From natural gas to geothermal in the Netherlands

From natural gas to geothermal in the Netherlands City view, Delft, Netherlands (source: flickr/ bert knottenbeld, creative commons)
Carlo Cariaga 7 Oct 2021

In an opinion piece, Wilma Berends describes the challenges that the Netherlands is facing in making the transition from natural gas to geothermal heating.

In an opinion article, Wilma Berends highlights the vast opportunities of adopting geothermal heating in Netherlands and the various challenges that are slowing down the development.

Currently, about 90% of all households in Netherlands have a central heating boiler powered by natural gas. Despite Netherlands’ Geothermal Master Plan outlining a potential of 50 PJ in 2030 and 200 PJ in 2050, only a few thousand homes in The Hague and the Westland use geothermal energy for heating. There is also no shortage of ambition as several heating companies have already made plans to introduce geothermal energy into their grids.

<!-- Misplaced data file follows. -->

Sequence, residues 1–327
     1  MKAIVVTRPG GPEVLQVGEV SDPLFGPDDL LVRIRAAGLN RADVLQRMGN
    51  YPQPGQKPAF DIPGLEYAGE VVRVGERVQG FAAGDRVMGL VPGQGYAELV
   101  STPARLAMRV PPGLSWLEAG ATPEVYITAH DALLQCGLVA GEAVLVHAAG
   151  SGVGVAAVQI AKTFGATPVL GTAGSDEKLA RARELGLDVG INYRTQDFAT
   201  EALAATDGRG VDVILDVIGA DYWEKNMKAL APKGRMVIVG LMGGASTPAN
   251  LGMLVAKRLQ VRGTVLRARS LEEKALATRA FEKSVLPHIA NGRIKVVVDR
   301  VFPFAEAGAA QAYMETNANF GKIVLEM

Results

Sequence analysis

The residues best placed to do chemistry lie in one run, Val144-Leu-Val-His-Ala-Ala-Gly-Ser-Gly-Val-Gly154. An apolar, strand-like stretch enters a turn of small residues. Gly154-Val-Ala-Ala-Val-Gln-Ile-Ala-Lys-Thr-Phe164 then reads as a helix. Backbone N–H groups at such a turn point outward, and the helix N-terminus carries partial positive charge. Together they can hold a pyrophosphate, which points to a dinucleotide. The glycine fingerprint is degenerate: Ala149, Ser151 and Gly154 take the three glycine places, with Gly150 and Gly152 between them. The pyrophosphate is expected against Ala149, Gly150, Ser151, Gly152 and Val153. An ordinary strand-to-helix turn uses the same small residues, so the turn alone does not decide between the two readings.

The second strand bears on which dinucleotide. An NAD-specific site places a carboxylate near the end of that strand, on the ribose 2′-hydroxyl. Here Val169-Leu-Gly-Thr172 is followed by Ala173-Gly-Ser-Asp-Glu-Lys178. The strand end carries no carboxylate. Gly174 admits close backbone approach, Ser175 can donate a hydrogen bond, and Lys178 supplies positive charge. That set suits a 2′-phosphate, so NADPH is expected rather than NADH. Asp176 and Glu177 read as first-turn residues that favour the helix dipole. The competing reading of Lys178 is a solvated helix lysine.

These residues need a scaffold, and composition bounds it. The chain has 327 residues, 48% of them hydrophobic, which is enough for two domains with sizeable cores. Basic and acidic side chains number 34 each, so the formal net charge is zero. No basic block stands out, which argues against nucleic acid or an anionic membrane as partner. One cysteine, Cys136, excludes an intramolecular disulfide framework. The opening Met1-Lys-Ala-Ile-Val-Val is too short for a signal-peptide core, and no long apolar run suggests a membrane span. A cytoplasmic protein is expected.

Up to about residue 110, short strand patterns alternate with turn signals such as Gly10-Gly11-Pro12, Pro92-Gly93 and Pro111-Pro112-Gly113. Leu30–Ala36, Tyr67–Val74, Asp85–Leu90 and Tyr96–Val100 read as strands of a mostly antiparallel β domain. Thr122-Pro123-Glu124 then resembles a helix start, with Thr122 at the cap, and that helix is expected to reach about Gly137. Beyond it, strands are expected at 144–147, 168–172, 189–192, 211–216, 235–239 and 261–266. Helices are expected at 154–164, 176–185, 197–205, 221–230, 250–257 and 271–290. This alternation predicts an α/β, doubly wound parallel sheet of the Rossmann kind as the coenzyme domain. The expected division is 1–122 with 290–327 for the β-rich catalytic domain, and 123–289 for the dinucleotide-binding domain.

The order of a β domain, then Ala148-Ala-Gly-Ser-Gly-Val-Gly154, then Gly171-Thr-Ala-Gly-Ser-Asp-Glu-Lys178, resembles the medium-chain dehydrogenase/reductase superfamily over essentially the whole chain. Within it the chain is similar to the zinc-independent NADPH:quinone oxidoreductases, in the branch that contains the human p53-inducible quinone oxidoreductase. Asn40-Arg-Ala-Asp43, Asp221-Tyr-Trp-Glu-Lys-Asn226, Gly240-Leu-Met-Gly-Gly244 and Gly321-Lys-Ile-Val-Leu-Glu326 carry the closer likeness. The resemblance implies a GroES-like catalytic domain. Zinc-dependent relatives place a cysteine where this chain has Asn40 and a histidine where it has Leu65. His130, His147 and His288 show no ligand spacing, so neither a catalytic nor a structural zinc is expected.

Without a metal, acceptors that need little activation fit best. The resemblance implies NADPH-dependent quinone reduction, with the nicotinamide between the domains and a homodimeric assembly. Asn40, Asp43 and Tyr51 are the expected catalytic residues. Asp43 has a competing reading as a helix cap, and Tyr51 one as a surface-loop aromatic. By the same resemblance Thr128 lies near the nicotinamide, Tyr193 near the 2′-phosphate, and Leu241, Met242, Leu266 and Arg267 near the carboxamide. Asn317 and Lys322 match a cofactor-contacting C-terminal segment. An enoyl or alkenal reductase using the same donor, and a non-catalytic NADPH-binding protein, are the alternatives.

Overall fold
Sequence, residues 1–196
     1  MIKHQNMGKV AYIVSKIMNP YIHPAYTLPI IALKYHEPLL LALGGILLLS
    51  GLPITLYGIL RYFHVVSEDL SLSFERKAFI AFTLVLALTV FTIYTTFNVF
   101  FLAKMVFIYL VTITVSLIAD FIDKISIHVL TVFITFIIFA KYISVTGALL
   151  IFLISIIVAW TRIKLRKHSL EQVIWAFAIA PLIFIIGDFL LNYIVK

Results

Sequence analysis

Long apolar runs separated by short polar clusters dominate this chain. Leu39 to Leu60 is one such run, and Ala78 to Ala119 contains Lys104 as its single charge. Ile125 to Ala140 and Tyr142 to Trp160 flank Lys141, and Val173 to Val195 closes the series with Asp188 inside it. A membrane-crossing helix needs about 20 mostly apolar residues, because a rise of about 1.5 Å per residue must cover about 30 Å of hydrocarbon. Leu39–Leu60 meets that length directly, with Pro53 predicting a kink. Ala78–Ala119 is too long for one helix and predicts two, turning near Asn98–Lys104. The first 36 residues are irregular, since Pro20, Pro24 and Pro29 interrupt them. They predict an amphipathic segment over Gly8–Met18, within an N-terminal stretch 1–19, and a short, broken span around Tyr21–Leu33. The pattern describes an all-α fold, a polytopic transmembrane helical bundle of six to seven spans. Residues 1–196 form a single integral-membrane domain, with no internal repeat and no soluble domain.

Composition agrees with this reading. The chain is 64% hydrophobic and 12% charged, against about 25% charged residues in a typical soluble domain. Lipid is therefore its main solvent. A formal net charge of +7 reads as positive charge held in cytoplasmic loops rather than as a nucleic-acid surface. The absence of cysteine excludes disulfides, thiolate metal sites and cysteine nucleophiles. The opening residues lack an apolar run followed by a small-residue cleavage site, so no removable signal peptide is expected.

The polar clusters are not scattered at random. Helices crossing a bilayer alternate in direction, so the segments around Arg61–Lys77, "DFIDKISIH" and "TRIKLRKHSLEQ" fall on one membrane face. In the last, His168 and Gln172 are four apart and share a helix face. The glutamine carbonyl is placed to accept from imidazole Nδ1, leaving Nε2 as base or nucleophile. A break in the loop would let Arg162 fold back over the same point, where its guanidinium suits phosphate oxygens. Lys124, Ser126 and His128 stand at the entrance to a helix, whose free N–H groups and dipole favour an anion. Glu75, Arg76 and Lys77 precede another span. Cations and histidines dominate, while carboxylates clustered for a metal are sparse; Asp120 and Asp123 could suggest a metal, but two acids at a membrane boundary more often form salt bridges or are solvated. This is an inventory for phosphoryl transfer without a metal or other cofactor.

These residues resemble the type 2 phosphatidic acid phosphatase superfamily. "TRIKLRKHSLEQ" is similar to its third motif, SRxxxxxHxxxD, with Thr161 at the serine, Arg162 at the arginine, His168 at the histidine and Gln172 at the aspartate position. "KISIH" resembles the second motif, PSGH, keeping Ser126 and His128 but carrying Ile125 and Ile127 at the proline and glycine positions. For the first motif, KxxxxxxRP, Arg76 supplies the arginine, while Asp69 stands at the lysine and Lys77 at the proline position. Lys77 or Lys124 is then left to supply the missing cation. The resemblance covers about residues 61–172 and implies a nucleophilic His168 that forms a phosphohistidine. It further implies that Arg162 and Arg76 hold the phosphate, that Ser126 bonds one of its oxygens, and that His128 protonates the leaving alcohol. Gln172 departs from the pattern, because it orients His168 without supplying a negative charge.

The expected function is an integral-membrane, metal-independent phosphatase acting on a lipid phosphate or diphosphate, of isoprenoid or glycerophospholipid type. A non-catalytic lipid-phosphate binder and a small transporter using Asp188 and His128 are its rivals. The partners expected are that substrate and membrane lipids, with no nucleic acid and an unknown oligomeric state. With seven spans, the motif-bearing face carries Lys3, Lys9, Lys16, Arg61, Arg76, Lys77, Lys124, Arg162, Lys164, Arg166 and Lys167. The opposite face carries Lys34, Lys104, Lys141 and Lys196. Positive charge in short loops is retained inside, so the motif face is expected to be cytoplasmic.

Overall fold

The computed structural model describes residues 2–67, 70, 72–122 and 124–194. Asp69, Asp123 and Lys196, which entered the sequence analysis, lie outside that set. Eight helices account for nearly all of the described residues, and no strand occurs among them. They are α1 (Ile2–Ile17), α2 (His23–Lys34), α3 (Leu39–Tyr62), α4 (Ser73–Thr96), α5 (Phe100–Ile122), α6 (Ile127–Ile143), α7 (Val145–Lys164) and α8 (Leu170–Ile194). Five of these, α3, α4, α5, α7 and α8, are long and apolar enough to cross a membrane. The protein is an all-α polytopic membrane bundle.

Why, then, is Netherlands seemingly not yet fully committed to the technology?

Berends emphasizes a number of barriers that have kept more companies from producing geothermal energy in the Netherlands:

  • The licensing process dictates that companies secure three different permits for geothermal development. Although permit application is required by law to take only 45 weeks, it can extend up to 80 weeks in practice. A permit application also has to go through six different organizations.
  • There is a lack of subsidies for geothermal development. The good news is that the House of Representatives have decided to increase the number of subsidy opportunities starting on 2023.

As is the case in various places around the world, more government support will be needed to spur geothermal development in the Netherlands. For the complete opinion piece by Wilma Berends, please click on the link below.

Source: Energie Podium